The Historical Utility Glass Foundation

The Historical Utility Glass Foundation glass is set up for financial and practical support of activities that promote the knowledge of historical utility glass: glass objects that in the past had a function in daily life or were used by special or festive occasions.

The purpose of the Foundation

The purpose of the Foundation is to unlock the knowledge of historical utility glass for an interested public. Another important goal is to ensure that the existing knowledge of historical utility glass is not lost.

We do this by, among other things, the presentation of the biennial Ina Isings prize for contributions on historical glass, through articles and by a biennial symposium on historical utility glass. The Foundation manages a fund from which the price is financed. Furthermore, we organize small-scale activities and we publish articles on this website.

Governance

The Board of Directors of the historical Operating glass is formed by:

Mr. Willem van Traa, Chairman
Nelleke Nicolai, doctor, Secretary
David Willem van Traa MBA, Treasurer
Drs Nora Schadee

The members of the board do not receive any financial compensation for their work.

Finance

The foundation is the result of private initiative and does not receive any incidental or structural (public or otherwise) subsidies. For the financing of the organization and the activities we depend on individual private contributions. Partly, visitors to the activities make incidental contributions to pay the costs. Beside, from the start of the foundation we received from people interested in historic utility glass contributions, which are guaranteed for a longer period. We are committed to increasing the number of donors, so that our resources keep abreast with the development of more activities.

What is historical utility Glass?

Under historical utility glass we mean glass objects that in the past had a function in daily life or used by special or festive occasions and are not explicitly created as an expression of artistry.
So historical utility glass is a container concept. It includes a large number of types and kinds of objects, which have in common that they are made of glass and used in daily life and/or at special events. Outside this definition fall those glass objects that are explicitly made as art. This usually involves modern glass art. Most glass of the earlier centuries, however beautiful made or decorated, had a utility function. Some types are still in use, sometimes in their traditional form, but nowadays mostly made in plastic.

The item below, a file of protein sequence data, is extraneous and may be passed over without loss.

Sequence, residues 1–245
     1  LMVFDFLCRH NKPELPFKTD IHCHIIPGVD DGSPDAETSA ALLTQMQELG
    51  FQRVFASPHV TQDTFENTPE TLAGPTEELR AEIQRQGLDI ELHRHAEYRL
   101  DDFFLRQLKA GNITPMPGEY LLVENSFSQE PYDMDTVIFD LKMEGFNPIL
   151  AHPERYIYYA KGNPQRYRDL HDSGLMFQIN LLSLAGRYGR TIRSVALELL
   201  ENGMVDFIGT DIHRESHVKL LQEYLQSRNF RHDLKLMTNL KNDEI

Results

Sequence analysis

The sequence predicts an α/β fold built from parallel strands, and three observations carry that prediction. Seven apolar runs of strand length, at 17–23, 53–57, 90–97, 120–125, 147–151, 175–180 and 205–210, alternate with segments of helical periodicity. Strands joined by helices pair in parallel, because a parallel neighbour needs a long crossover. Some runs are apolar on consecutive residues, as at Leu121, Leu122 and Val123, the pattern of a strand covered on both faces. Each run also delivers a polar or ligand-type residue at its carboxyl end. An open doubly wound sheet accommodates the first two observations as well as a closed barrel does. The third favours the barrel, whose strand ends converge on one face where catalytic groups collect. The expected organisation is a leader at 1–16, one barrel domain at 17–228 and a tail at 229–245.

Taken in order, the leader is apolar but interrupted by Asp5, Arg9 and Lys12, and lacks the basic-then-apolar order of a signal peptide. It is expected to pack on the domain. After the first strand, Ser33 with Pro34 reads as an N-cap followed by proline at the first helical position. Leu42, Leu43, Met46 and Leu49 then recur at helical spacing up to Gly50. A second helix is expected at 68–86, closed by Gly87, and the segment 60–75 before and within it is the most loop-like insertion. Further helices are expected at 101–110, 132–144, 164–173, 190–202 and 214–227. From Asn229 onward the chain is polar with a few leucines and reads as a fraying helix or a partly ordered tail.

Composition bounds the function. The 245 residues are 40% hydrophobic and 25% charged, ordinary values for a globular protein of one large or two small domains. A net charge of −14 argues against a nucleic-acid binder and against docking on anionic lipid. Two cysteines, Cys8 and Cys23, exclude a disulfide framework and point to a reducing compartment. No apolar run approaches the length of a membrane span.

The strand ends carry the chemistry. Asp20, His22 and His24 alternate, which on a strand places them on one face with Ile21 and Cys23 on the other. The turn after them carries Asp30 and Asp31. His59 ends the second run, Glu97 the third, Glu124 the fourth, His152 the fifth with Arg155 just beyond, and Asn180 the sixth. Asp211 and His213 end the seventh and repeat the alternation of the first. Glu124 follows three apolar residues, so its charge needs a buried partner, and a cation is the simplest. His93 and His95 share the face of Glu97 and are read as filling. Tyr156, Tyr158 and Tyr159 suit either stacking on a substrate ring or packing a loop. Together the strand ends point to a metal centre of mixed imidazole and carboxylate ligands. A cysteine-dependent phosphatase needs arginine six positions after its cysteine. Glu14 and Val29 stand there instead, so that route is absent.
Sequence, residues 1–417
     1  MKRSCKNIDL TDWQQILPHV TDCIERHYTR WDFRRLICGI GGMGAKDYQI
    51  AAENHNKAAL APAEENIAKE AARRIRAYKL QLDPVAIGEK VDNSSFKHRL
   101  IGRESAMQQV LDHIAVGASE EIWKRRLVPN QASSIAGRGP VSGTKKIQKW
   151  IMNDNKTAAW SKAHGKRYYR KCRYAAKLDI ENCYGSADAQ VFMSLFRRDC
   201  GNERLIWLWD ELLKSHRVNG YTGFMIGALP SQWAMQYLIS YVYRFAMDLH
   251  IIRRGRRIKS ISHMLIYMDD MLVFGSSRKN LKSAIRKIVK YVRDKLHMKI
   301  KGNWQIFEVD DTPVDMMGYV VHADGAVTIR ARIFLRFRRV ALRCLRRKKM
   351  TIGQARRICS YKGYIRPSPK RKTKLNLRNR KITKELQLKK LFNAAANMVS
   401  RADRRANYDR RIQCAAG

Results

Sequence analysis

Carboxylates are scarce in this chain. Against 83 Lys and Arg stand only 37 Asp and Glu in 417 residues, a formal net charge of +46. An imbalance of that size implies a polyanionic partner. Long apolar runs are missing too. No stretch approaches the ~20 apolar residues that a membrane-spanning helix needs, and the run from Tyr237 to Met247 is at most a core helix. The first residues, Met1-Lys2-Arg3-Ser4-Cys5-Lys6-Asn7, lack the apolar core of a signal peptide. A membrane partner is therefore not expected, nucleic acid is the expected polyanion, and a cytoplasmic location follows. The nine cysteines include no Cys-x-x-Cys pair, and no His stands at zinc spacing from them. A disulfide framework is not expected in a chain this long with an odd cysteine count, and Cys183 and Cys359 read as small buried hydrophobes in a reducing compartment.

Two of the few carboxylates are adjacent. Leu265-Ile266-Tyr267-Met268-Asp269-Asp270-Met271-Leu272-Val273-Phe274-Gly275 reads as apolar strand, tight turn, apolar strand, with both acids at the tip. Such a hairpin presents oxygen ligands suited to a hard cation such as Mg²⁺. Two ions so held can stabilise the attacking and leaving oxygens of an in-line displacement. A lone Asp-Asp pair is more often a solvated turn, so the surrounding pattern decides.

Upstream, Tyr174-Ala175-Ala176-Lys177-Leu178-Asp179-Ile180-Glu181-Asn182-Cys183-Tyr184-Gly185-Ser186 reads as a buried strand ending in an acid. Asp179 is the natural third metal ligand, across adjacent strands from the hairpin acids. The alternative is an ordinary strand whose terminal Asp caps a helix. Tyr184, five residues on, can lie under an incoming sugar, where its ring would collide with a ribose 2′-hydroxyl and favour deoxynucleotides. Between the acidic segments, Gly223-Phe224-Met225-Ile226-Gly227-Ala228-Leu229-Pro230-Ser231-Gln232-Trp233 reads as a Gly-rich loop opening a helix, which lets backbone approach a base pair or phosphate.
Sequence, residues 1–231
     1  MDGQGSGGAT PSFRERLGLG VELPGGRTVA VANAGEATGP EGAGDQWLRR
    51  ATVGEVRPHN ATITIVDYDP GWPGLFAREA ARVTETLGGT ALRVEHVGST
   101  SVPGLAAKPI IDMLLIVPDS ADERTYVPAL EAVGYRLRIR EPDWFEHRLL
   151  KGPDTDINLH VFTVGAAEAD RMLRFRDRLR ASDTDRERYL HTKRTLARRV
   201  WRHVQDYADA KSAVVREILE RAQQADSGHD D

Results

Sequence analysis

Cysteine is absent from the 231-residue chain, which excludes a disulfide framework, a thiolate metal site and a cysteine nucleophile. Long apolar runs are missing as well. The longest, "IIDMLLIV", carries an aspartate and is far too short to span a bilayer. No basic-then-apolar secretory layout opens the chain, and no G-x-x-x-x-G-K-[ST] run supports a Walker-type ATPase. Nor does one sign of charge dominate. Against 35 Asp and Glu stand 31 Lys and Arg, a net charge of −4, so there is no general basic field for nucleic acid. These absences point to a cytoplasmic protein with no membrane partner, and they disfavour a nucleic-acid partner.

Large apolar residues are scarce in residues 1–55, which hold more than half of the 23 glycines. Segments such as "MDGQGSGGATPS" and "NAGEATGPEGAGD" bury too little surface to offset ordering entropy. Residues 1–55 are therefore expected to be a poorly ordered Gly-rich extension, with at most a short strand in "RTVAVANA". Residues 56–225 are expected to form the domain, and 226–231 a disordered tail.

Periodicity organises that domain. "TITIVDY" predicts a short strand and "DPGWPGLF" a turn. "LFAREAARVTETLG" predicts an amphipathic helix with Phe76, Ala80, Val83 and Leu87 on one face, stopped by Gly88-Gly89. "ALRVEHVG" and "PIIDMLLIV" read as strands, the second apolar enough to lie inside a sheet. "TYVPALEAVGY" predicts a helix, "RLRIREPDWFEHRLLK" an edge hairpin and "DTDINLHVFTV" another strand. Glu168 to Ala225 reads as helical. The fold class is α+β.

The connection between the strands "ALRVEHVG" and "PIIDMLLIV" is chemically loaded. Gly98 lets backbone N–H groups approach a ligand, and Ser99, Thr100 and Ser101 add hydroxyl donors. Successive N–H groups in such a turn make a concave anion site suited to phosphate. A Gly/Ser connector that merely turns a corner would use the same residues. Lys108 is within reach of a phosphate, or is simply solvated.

The use of other glass objects has gone in the course of time. The actual use or an exact dating is therefore difficult to determine. That certainly is the case when they are made in larger numbers and rarely have a (creators) mark or are nowhere described. Sometimes the former use can only be guessed using old paintings or prints.

Why is knowledge of historical utility Glass so important?

Promoting and unlocking the knowledge of historical utility glass is just now important because people who have actual work experience in the manual or semi automated making of the ‘young-historical’ part of utility glass rapidly disappear. In a few years no one will know anymore from personal experience of this cultural heritage. Only written, so secondary sources will be available on the manufacture, use, transport of glass or of international trade contacts. And already those sources on historical utility glass are relatively scarce, because most of the scientific attention is given to historical ornamental glass.

Centre of knowledge for historical utility glass

We want to set up a centre of knowledge on historical use glass, accessible for both a wide audience and scientists. Building materials are the data files that exist at institutions such as museums and universities, at associations of collectors and among private collectors or (former) employees in the glass industry. Many of these files are little known to third parties or not easily accessible, partly for reasons of security of the collections. They vary in scope, form, content and quality and take usually the form of annotated collection catalogues. Data files of museums and (exhibition) catalogues are the last years more and more electronically accessible. We welcome this development and will, where appropriate and possible, support these. Especially in older collections the information given is often very brief. Also a mojority of the objects remain ‘in depot’ and are therefore known to just a few and inaccessible to outsiders.

It has been suggested that the Foundation would build up its own glass collection to serve as a study collection. We believe that for the time being this is not our task.